A Teen’s Short Guide to Monster Theory

A Teen’s Short Guide to Monster Theory by Natalie Lyijynen


            We have an obsession with monsters. We’re raised with fairy tales, forced to keep our night lights on in fear of the goblins, dragons, and monsters under our beds. Modern monsters, though, aren’t as visually distinguishable. Shrek, an ugly ogre, wins the heart of a princess with his genuine personality; best friends Mike and Sulley save Boo’s life rather than scare her. The Twilight Saga and shows like Teen Wolf, The Vampire Diaries, Chilling Adventures of Sabrina, and True Blood romanticize the once terrifying creatures, instead creating teen heart-throbs.

I binge-watched the majority of these shows/movies during the teen supernatural craze in the mid-2000s and wondered what kept drawing me back. Why was this craze so enticing? What part of our nature makes us so inclined to invent monsters? After reading Jeffrey Jerome Cohen’s Monster Culture (Seven Theses), I was both mind blown and thoroughly confused. I wrote this guide to clarify what Cohen wrote to scholars in a language perhaps easier to digest for all of my fellow Edward/Jacob lovers who got sucked into the craze. Why were you (and I) so enamored with sparkly vampires?

My guide uses Cohen’s theses as a base but further explains our fascination with monsters and their embedding in societal structure. Monsters are all around us. Constantly evolving and invented to alienate those who don’t follow our cultural norms. They don’t exist in singularity; monsters serve a purpose – to defy our categories and allow us to explore new possibilities – making them simultaneously monstrous and desirable. Read my guide to better acquaint yourself with the monsters on your screens, the monsters filling your pages, and maybe even the monster next door. You’ll better understand them and at the same time better understand yourself.





A Teen’s Short Guide to Monster Theory

           Jeffrey Jerome Cohen, an academic of medieval studies, lays out seven theses in Monster Culture. He guides scholars on how to read monsters and the cultures they both shape and are shaped by. Monsters are pure culture and exist “only to be read” (Cohen 4). They are Other and exist Beyond, policing the borders of our societal norms. As much as we may try to push them away, they always return, bearing “self-knowledge, human knowledge” because we – humans and monsters – are intrinsically connected (Cohen 20). But what makes Edward Cullen, Scott McCall, Stephen, Damon, and all of the others so enticing? We lovers of these teen supernatural heartthrobs should be most concerned with three of Cohen’s phenomena. They’re cunning escape artists: continually evading punishment and evolving to our cultural movements. They’re monstrous hybrids: refusing easy categorization and existing Beyond. They’re bad boy hotties: exposing that “our fear of the monster” that “is really a kind of desire” (Cohen 16).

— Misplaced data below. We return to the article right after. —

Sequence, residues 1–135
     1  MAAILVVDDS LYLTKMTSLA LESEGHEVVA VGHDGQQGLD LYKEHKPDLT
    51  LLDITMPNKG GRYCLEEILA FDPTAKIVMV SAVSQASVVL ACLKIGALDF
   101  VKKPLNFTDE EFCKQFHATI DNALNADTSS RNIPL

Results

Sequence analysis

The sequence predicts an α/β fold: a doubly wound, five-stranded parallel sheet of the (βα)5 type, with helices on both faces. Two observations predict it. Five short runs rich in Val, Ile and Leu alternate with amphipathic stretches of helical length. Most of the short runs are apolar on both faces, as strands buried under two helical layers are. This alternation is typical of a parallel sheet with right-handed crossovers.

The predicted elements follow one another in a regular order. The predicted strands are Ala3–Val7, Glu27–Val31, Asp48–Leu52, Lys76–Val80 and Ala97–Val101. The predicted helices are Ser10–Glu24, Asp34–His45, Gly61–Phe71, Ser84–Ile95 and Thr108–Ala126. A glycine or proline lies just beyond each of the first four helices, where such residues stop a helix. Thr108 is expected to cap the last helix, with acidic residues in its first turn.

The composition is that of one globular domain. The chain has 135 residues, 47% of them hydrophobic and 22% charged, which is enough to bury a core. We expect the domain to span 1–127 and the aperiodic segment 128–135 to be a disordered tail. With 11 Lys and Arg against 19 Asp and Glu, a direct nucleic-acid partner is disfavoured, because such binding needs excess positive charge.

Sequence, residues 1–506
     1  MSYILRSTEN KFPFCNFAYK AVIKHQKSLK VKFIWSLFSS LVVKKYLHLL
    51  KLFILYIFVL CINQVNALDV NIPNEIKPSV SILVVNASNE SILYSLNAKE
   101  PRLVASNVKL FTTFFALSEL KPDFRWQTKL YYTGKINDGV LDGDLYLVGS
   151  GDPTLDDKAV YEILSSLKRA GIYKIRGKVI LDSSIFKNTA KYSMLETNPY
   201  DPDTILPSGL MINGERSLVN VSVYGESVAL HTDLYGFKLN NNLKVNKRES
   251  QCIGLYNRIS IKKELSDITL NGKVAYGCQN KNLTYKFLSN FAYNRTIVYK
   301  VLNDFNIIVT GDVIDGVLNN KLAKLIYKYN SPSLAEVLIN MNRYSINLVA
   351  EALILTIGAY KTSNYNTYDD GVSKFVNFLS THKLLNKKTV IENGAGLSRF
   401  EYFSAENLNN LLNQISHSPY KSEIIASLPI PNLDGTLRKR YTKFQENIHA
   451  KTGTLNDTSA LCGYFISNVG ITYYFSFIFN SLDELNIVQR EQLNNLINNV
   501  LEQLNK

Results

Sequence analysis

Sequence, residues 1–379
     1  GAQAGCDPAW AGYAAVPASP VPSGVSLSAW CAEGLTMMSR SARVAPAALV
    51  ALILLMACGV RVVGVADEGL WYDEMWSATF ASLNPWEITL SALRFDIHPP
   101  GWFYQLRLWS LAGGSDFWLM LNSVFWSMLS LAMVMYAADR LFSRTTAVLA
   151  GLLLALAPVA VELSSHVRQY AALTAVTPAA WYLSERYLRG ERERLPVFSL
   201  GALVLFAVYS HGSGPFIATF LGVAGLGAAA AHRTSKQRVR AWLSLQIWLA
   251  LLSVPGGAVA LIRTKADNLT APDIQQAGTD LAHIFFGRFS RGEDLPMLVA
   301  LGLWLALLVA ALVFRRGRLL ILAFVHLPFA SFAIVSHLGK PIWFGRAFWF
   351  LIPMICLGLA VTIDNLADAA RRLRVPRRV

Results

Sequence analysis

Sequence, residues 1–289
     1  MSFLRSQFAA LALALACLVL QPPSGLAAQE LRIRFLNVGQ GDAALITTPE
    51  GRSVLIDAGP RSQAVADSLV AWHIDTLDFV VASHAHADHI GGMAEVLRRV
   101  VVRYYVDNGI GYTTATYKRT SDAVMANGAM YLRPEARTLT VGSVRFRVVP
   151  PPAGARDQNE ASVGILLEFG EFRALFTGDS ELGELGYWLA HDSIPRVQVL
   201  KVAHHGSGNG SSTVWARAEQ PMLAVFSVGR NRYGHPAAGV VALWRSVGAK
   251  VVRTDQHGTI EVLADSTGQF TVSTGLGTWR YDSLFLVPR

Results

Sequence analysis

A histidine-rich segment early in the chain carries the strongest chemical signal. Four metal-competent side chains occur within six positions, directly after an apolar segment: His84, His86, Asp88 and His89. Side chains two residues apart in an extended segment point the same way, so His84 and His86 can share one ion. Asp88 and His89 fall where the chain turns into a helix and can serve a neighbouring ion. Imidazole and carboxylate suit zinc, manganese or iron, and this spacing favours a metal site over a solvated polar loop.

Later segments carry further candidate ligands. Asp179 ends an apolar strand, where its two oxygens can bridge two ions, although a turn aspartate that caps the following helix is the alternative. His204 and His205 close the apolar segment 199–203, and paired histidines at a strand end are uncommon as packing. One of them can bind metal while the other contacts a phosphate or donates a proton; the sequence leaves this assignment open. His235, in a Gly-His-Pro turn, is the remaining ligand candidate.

Since monsters represent culture, they are forever retold, returning in different places and time periods to evolve to each contemporary setting. Every teen supernatural show/movie has a similar plot and composition of the monster because they embody the high school culture, at least a glamorized version of it. But there is always some twist that keeps us watching. The monster holds an air of familiarity yet provides us something new. Edward Cullen may look like a normal student, but his skin is cold to the touch, he sparkles in the sunlight, and (let’s be honest) is way too hot to still be in high school. Cohen presents examples of different vampire stories over time, in each of which “the undead returns in slightly different clothing, each time to be read against contemporary social movements” (Cohen 5). Bram Stoker’s count has transgressive but compelling sexuality; Anne Rice created the pop culture phenomenon “in which homosexuality and vampirism have been conjoined;” and Francis Coppola’s Dracula was put together at the same time as his AIDS documentary (Cohen 5). Vampires live worldwide, yes, but don’t expect to find a perfect epiphany. We love watching because every show/movie holds something to be imagined and a monstrous mystery to be unspun. Monster theory is a “work that must content itself with fragments (footprints, bones, talismans, teeth, shadows, obscured glimpses” (Cohen 6).